The Facts About Dry Brushing

The Facts About Dry Brushing

Dry brushing, in one form or another, has been around for thousands of years.  It stems all the way back to a 5000-year-old holistic health care system in India known as Ayurveda.  Dry Brushing in this era was called Garshana and was known to stimulate circulation and blood flow.  This technique was also known to be practiced amongst the Ancient Egyptians, Greeks, Romans and in traditional Chinese practice.  While the method and tools used in dry brushing differed from one timeframe and part of the world to another, the purpose and benefits remain the same.  (Source: Province Apothecary & Angela Palmer) 


So, what is dry brushing exactly?  This technique is pretty straightforward.  Just as its name suggests, typically you will use a dry wood handled body brush with firm natural bristles on dry skin.  Start from your feet and ankles, brushing your skin gently, upwards towards your heart, in a long, broad circular motion.  Both the bristles, pressure and upward motion on the skin will bring forth this technique’s beneficial results.  It is also suggested that you complete your dry brushing routine just before you intend on showering, allowing any dead skin cells to be washed off immediately following the exfoliation.  Once the skin has been exfoliated and rinsed, it should then be moisturized.  If you are planning on heading outside after dry brushing, your moisturizer should have SPF, as this technique may make your skin more sensitive to the sun.  (Source: Allie Flinn & Angela Palmer)


What are the benefits of dry brushing?  Regular dry brushing exfoliates the skin and encourages cell turnover.  This regular skin renewal process leaves the skin looking healthier and more radiant.  Regular exfoliation and stimulation at the cellular level has also shown to ward off breakouts.  Dry Brushing also provides blood circulation benefits that have shown to positively affect one’s mood, leaving individuals feeling invigorated and energized.  It has also been theorized to help boost the lymphatic system.  The lymphatic system helps rid the body of toxins and waste and resides just under the skin.  (You can learn more about the lymphatic system’s role here: Basics & Structures of the Lymphatic System - YouTube)  It has been said that moving your dry brush upwards towards the heart in long sweeping strokes works with the body’s lymph flow and increases the release of unwanted toxins.  (Source: Province Apothecary, Allie Flinn & Angela Palmer)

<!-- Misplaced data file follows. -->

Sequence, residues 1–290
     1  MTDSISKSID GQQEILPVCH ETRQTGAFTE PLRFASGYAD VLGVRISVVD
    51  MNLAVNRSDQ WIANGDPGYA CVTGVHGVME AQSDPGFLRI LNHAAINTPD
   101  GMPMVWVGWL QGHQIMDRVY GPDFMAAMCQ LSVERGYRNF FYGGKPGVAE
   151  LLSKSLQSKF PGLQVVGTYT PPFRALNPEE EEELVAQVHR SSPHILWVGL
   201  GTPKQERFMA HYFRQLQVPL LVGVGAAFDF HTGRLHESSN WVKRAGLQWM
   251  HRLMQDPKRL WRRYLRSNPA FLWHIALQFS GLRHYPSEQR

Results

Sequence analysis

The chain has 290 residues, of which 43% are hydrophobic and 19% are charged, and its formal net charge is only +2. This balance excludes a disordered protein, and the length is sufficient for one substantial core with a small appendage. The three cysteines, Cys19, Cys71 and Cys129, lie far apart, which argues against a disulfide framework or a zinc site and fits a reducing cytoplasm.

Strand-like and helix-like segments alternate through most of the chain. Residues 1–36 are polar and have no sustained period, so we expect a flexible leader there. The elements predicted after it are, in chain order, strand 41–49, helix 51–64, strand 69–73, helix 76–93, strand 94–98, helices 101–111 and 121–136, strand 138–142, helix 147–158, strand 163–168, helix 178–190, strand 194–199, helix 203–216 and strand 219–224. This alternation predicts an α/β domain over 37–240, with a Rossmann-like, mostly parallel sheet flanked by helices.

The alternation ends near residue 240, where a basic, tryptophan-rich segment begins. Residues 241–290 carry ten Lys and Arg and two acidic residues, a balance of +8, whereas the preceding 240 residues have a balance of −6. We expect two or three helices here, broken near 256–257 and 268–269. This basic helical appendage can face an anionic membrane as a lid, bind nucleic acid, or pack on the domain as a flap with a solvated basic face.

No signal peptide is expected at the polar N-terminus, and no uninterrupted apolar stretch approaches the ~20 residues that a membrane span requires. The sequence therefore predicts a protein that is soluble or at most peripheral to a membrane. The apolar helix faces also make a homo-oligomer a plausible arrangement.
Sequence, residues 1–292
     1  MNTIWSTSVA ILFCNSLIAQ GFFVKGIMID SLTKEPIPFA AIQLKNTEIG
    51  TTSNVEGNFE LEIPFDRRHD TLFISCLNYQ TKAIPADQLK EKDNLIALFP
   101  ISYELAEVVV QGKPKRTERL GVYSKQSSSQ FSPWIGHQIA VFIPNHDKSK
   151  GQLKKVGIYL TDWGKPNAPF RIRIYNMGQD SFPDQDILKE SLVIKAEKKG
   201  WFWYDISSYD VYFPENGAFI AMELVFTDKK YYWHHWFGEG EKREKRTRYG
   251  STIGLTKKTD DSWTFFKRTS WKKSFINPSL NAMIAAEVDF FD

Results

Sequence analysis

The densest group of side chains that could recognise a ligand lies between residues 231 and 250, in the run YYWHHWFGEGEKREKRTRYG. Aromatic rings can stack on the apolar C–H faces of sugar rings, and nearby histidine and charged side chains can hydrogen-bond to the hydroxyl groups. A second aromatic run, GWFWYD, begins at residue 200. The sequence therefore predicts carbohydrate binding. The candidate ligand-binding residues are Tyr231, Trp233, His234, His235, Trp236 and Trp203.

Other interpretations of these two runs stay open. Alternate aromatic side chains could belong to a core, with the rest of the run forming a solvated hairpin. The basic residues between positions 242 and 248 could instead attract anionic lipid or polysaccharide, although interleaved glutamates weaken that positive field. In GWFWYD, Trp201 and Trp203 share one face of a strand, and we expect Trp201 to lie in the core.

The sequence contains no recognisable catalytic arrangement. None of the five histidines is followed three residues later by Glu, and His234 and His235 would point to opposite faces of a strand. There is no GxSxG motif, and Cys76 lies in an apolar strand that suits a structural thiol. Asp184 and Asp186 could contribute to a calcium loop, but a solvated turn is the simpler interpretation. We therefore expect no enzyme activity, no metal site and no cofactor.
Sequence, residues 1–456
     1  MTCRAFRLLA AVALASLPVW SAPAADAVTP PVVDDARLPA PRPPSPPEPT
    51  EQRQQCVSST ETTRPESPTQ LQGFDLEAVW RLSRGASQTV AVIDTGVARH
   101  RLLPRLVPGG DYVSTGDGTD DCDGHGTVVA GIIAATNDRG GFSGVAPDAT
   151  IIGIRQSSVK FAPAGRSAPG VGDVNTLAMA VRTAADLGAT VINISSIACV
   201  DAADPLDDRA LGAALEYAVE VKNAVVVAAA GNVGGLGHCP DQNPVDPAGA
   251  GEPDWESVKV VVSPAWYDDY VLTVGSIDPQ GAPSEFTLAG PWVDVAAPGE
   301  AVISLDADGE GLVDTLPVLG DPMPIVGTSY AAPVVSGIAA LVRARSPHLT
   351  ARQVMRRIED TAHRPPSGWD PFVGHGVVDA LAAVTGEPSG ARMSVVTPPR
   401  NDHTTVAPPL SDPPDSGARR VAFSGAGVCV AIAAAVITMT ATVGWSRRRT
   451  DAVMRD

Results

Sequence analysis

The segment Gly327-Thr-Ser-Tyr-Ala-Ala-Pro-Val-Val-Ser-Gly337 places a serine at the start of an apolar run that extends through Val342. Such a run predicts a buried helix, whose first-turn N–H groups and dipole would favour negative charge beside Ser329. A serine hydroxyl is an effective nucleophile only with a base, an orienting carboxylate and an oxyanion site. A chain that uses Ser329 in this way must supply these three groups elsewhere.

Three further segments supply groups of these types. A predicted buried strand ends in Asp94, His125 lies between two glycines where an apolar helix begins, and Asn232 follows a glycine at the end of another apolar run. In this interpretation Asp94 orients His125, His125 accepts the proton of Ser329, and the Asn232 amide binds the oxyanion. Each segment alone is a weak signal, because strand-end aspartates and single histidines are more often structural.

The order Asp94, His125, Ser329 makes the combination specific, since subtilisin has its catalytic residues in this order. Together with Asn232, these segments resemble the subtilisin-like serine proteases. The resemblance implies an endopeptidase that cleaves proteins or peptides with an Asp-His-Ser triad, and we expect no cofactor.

Despite the benefits listed above, there are some precautionary facts that should be taken into consideration when thinking about adding dry brushing to your skin care routine.  You should always pay attention to and or know your skin sensitivity level.  It has been recommended that you do not use the dry brushing technique more than once to twice a week, regardless of how “tough” your skin is, as it is possible to over-exfoliate and cause unwanted irritation.  Time in between exfoliation is needed for proper cell turnover and will allow for the best overall results.  If you have any skin irritation, serious skin conditions or open abrasions, dry brushing should be avoided all together.  (Source: Allie Flinn & Angela Palmer)


Overall, when using the proper dry brushing techniques, tools, and aftercare this practice can be very beneficial for the skin.  For more information on Dry Brushing, proper techniques, benefits, aftercare and proper dry brush cleaning, please visit the following links and articles:   

Check out some great tools for dry brushing below!


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